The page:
Policing a city like Dallas, even as crime falls, never goes smoothly. But it's been an especially rocky year for the Dallas Police Department, where, in the wake of Ferguson's violence, the city saw string of officers shooting and sometimes killing citizens.
The violence led to multiple town hall meetings hosted by District Attorney Craig Watkins, where attendees had one major suggestion for improving relations: Make more of the force live in the city they patrol. Only about a fifth of Dallas cops live in Dallas proper. If more lived in town, activists say, they would be perceived as less an occupying force and more of a really vigilant and badass neighbor.
It's a logical enough thesis and the rationale for residency requirements that exist across the city, although the data suggests the impact isn't what you might expect. Regardless: It's not happening.
The average Dallas police officer makes a base salary of about $50,000 a year, according to the city. With the added benefit of "special pay," which essentially pays for being loyal to the department, officers can make close to $60,000, on average. Higher-ranking officers, naturally, make more. But many officers make less than $60,000 a year. And like a lot of middle-income workers, the minute they start thinking about having kids they book it to the suburbs.
"If I can afford to live in some of the better parts of the city, I would," Ron Pinkston, president of the Dallas Police Association, told Unfair Park. "I can't afford it. For the quality of home I can get in the suburbs, I can't get that in Dallas. And then most Dallas officers wouldn't send their kids to DISD schools."
Well, at least not any DISD school. Many would probably send their kids to one of the handful of elementary schools performing well enough to attract middle-class families, but even those are becoming unattainable for those families. Stonewall Jackson Elementary has long been a haven for city-dwelling middle-class parents. But in the school's zip code, 75206, the price per square foot is about $60 more than the average Dallas home and about $100 more than the average for the metroplex, according to Zillow. And on many of the streets that feed into the school, modestly sized houses that might sell in the $400,000s -- already well out of reach for a cop making $50,000 -- are being razed and replaced by McMansions that sell for $800,000 and more to bankers and lawyers.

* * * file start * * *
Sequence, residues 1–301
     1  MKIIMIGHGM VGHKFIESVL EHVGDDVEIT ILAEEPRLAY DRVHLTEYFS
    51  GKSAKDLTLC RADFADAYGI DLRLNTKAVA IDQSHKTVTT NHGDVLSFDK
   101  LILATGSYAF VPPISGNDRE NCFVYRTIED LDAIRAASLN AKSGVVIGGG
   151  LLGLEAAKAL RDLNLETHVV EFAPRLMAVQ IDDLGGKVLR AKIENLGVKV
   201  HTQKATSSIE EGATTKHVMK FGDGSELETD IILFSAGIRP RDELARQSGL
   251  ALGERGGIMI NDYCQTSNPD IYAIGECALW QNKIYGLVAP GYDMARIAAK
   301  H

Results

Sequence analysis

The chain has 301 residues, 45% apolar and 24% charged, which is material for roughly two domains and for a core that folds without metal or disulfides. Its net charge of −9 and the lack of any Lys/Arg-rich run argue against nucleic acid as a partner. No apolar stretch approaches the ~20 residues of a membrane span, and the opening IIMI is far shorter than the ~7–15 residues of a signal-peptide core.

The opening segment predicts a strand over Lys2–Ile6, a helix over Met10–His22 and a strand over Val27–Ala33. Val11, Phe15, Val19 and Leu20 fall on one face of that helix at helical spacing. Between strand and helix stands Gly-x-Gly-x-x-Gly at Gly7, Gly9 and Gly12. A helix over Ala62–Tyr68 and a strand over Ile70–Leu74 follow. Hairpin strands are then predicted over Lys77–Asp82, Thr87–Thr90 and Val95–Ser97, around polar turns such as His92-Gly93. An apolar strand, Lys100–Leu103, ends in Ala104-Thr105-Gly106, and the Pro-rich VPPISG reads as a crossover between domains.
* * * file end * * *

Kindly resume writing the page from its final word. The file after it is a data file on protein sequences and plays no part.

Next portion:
We could always pay cops more. The starting salary for a Dallas officer right out of training and in a police car is about $42,900, according to the city. Out of the 10 most populous cities in the Dallas area, that's the lowest. Most of the other cities pay between $50,000 and $55,000 out of the gate. Plano pays more than $60,000.
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"It's a constant battle," Pinkston said. "We want the best police officers, but we don't pay to get the best."
But even a salary bump would leave most officers priced out of the neighborhoods where the schools and housing stock matches what they find in the suburbs. So off they go. And the department has no intention of stopping them.
"Most of our officers don't live in the city, and we don't have any programs to encourage them to live in the city nor any budget," Chief David Brown said at one of those town halls. "Living here would help, but we don't have that right now. The next best thing is more cultural awareness."
Send your story tips to the author, Sky Chadde.